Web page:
For Colored Girls ♠ Movie Review

For Colored Girls is a movie based on Ntozake Shange’s play For Colored Girls Who Have Considered Suicide When The Rainbow Is Enuf — the movie is evocative and extremely brutal in its realism as it portrays the lives of its protagonists through various experiences. These strong, empowered, independent, intellectual African American women attempt to seize life at its roots and put a stamp in society where prejudices and injustices lurk about. All our protagonists have distinctive personalities; none is like the other but that is the superficial examination — the true context breaks like a wave beautifully colouring the landscape. Each protagonist is represented by a colour — Alice (Whoopi Goldberg) embodies white, Gilda (Phylicia Rashad) embodies gray, Juanita (Loretta Devine) represents green, Kelly (Kerry Washington) is blue, Jo/Joanna (Janet Jackson) is red, Tangie (Thandie Newton) is orange, Yasmine (Anika Noni Rose) is yellow, Nyla (Tessa Thompson) is purple and Crystal (Kimberly Elise) symbolizes brown.

The women at first are either isolated or know each other on a surface position but soon as the story progresses like the colours of the rainbow they begin to flourish together and mesh as one with renewed strength and absolutely laudable stamina. The tale focuses on sexual and physical abuse, rape, abortion, medical welfare and the tightening relationships that the protagonists go through. The movie opens with dilemmas our characters are facing; unescapable situations it seems — Tangie is Alice’s daughter but obviously shows no respect for her, Alice tries her hardest to keep on believing in her religion but taking care of her daughters, Nyla is a dancer with a prospective future but is also forlorn, Yasmine is a vibrant dancer but must struggle, Jo is attempting to reconcile with her husband, Crystal does not know what to do with her abusive spouse and her kids, Juanita tries to do the right things for her community, Kelly does as well but strives to keep her past behind and Gilda is a maternal figure but also a strict landlady trying her hardest to keep her tenants in line. Prematurely most of the women are not apposites but opposites — they rage on with their codes and philosophies, and most don’t care even if it kills them. However, throughout the movie these strong protagonists realize that their dependencies on useless objects or back-stabbing people are in conflict with who they want to be — to each is her own storm through which they must survive to reach the rainbow.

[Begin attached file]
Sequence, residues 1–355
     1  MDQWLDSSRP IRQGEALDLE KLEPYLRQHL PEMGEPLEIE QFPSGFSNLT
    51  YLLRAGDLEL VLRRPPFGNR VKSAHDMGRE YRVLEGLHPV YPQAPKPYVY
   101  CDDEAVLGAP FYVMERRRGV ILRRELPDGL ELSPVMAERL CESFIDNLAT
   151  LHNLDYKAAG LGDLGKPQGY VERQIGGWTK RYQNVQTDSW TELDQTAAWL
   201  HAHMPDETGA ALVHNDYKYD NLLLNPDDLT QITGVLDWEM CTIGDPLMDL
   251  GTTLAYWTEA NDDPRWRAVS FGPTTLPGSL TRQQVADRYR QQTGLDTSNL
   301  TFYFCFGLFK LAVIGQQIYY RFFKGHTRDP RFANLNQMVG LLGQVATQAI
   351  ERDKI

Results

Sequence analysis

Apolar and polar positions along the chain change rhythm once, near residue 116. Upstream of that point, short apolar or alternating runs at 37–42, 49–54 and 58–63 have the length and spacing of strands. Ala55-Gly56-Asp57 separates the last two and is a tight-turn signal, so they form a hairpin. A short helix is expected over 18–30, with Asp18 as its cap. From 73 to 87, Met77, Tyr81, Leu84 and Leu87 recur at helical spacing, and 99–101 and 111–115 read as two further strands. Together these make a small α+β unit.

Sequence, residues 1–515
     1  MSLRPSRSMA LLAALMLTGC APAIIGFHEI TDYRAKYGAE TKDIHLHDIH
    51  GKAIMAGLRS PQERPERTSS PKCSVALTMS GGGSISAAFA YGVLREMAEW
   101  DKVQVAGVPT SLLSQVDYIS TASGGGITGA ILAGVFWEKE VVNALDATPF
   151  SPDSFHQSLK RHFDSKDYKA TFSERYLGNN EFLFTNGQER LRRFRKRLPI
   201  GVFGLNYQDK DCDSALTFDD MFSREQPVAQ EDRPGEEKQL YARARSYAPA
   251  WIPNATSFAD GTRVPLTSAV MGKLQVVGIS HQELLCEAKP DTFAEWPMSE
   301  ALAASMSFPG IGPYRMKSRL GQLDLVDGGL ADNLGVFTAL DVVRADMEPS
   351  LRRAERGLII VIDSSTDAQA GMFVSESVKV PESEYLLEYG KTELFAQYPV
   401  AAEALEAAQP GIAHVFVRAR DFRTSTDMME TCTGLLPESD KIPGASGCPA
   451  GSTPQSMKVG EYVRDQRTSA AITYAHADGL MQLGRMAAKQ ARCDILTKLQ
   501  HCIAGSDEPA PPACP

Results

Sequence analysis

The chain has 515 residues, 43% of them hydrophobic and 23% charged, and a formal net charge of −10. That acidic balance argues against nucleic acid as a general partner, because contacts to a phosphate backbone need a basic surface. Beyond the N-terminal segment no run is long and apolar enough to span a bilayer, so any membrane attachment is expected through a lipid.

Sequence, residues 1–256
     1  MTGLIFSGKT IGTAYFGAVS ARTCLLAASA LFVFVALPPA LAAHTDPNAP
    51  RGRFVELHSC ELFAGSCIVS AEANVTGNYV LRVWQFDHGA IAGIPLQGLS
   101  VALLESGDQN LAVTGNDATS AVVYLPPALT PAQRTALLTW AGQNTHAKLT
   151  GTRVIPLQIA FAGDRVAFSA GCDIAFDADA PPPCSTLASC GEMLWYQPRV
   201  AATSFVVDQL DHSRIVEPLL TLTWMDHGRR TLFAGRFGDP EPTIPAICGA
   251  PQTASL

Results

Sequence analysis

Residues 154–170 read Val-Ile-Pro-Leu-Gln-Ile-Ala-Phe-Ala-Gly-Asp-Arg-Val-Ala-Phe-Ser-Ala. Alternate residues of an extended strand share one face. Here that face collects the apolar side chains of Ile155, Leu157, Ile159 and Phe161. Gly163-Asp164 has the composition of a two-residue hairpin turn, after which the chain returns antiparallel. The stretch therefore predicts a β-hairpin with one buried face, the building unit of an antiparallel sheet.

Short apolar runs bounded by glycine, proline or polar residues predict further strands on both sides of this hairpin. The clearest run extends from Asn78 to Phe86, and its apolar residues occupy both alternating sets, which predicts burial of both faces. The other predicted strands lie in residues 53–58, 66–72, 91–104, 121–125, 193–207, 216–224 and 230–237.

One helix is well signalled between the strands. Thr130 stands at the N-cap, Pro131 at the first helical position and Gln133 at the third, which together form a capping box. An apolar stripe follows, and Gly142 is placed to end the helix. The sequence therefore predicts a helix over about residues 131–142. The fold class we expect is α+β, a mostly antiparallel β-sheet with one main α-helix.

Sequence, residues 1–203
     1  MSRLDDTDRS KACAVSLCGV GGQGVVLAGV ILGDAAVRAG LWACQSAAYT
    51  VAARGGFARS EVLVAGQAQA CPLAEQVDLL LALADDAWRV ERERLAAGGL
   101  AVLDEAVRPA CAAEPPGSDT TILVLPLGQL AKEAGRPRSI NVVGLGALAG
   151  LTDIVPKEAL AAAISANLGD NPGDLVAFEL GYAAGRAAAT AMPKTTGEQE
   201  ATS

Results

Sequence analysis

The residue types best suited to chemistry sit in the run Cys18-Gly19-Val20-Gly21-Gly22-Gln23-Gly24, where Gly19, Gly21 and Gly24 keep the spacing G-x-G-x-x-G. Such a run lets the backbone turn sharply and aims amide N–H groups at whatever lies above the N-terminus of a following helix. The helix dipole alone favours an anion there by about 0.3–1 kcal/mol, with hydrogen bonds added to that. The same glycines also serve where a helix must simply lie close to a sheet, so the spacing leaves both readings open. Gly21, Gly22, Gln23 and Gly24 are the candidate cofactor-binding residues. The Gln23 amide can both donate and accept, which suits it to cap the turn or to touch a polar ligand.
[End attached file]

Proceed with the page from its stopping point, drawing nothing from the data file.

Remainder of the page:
The portrayal by all actresses were so vibrant and exquisite that I was moved — as Google dictionary/Wikipedia even states that Ntozake Shange’s art form birthed in this piece, the “choreopoem”, is a fusion of various devices and I saw the poetry in motion with full attention and enjoying every moment. Each word, each dialogue worked to its best effects and the cast was incredible in performing them. As usual, Thandie Newton blew me with her strategic tempos at being Tangie — at a time coquette, at a time vulnerable, at a time ferocious as she challenges men for their double standards, at a time dangerous and strong and unique in a beautiful way. Kerry Washington does her best in being the confident and intelligent girl who also, for youth and naivety, is exposed to grim realities but obviously headstrong enough to plough and plough. Whoopi Goldberg will forever be the charming entertainer whose lips as they move create ripples in each letter, Janet Jackson dives energetically into her character persona and she can really deliver something realistically shaped.

All I ca say is that I was really gripped on by seeing this movie and I want to read the play

I think this movie is for people who don’t mind independent thinking and out of mainstream plots.

References:

  • Wikipedia
  • Google Dictionary 
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